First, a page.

The average person will spend about 6 years of their lifetime dreaming. Odds are, there is at least one dream that you can clearly recall: What happened, where you were, and whom you were with. Most importantly, you’ll remember the feeling you had when you woke up. My graphic novel, Then I Woke Up, explores the most memorable dreams of my life: from my first nightmare when I was 4 years old, to the short but powerful visions in a long nap.
“This is who I am, as told by my dreams”
Then I Woke Up is a project I’ve wanted to pursue for a very long time. I have always had vivid dreams that I can remember long after I’ve woken up. Sometimes they’ll become the inspiration for my own artwork, other times they’ll remain stored in my memory waiting for an opportunity to be told. Then I Woke Up became that opportunity.
I’ve seen many artists create dream journal comics (Em Carroll, one of my many inspirations, does this), and I wanted to try it for myself. It was a perfect idea: I love drawing, I love comics, and dreams work really well in a comic format. It just seemed to make sense. But I needed something to set my novel apart.
After the first pages were roughly laid out, I realized the dreams didn’t have any context. If you didn’t know me personally, none of it would make any sense. And while I wanted to believe that the images and stories alone could carry the novel along, that just wasn’t possible. So the challenge was figuring out a way to add context to these dreams while still keeping them authentic and dreamlike. After much deliberation, I finally settled on a mini-comic. Running down the side of the main story (the dreams), a simple, small comic relays context of that particular dream. Where I was, who I was, and what it might mean. I’m a firm believer that dreams can reflect aspects of our personalities or help us work through problems. Having that context and interpretation elevates my novel from a dream journal to an autobiography of sorts.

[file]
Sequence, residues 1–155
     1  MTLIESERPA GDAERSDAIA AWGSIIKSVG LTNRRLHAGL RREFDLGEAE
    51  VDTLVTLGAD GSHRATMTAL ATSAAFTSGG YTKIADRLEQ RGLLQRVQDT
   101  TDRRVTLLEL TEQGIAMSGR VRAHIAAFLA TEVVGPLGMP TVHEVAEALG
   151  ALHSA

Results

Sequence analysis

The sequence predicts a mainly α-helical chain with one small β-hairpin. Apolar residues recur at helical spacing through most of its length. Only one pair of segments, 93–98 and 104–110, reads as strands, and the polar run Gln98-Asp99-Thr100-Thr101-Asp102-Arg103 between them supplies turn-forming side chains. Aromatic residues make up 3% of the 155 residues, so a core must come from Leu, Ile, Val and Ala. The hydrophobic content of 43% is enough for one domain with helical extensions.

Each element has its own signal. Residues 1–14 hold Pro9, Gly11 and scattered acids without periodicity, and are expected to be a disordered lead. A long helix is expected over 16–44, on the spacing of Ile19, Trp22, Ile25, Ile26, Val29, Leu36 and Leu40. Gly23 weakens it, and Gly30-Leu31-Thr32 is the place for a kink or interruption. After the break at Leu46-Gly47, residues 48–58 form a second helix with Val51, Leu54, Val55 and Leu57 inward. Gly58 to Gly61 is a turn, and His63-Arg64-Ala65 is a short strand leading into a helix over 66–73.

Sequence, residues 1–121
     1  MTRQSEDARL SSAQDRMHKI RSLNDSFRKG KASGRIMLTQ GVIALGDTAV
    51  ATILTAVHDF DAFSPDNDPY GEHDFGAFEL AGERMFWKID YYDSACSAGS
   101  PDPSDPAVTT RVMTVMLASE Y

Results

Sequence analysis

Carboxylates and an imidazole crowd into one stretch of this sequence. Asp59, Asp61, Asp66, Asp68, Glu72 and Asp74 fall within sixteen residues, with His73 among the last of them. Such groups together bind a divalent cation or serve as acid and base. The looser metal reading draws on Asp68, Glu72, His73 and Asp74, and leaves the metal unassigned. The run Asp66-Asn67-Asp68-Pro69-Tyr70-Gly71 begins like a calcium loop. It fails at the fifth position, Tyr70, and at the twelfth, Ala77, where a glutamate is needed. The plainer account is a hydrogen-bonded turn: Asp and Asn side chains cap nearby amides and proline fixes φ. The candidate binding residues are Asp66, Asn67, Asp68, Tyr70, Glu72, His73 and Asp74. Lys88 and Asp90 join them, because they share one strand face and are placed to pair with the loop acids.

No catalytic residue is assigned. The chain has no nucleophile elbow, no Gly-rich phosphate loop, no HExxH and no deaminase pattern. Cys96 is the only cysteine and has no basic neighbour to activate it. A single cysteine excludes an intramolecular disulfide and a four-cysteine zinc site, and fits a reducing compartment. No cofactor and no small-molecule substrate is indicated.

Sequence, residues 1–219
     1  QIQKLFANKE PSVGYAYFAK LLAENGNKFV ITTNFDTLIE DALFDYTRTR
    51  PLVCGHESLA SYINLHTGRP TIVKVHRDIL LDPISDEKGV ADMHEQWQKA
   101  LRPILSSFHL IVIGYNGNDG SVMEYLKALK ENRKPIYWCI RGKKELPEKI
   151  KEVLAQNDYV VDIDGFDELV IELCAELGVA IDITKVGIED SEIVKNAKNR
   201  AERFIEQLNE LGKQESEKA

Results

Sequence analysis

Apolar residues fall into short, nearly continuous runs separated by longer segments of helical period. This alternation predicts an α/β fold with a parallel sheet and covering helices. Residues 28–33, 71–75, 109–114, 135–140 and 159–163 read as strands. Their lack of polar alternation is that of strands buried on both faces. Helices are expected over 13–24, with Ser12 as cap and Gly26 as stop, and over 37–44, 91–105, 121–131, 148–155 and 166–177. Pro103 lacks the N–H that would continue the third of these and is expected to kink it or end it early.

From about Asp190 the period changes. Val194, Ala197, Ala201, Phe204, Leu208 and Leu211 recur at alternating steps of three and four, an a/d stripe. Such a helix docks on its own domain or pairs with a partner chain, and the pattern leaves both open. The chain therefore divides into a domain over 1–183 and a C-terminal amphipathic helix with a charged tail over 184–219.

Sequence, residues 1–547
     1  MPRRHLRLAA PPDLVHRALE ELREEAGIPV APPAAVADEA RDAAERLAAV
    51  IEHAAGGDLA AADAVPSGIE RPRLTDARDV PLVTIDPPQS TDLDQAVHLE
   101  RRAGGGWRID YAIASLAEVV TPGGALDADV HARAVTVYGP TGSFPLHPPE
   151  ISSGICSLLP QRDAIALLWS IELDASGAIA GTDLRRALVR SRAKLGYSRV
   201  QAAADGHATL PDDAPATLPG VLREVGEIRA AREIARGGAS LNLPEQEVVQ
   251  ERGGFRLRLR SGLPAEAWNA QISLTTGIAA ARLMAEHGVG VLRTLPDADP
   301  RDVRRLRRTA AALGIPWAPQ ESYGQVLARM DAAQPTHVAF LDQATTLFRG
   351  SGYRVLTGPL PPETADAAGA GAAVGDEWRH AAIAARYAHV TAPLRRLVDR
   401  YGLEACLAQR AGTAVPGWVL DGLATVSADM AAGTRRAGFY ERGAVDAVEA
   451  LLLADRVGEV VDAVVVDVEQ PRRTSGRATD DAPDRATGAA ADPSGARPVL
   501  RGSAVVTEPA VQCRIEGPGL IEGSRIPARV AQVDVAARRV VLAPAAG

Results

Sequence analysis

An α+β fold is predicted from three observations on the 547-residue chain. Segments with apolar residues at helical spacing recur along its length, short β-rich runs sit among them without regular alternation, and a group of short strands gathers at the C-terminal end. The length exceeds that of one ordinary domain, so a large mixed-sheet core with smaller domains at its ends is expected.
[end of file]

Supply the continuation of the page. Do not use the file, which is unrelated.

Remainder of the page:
It all started with a script. Thinking about the details of a dream, I would write down every action as it’s own panel. This way, I knew exactly what to draw before putting pencil to paper. This saved a lot of time because most of the story editing could be done before the drawing took place.
After the writing was finished, I could move on to thumbnailing. Just like writing, thumbnails helped me figure out exactly what I was going to draw before wasting time on bad compositions. Sometimes there were 3 different thumbnail layouts for a single page that I had to choose between! But once I settled on a composition I liked, I could start the final sketch with a non-photo blue pencil. After that, I did the final line art in black ink.
All of the coloring was done digitally with Adobe Photoshop. Each chapter has it’s own specific color based on my associations with the dream. The mini-comic is in black and white to set it apart as “reality”. I chose a very limited color palate with each chapter because I work best with more values and fewer colors. This way my dreams were still able to have a surrealistic quality and I could play to my strengths. Finally, the pages were all put together using Adobe InDesign.
The Final Product
Overall, I’m very proud of how my graphic novel turned out. And it’s not over yet! Then I Woke Up has the potential to continue as an ongoing series, and I definitely plan to add more chapters as long as I feel like it. I’ll never stop dreaming, so there will always be stories to share.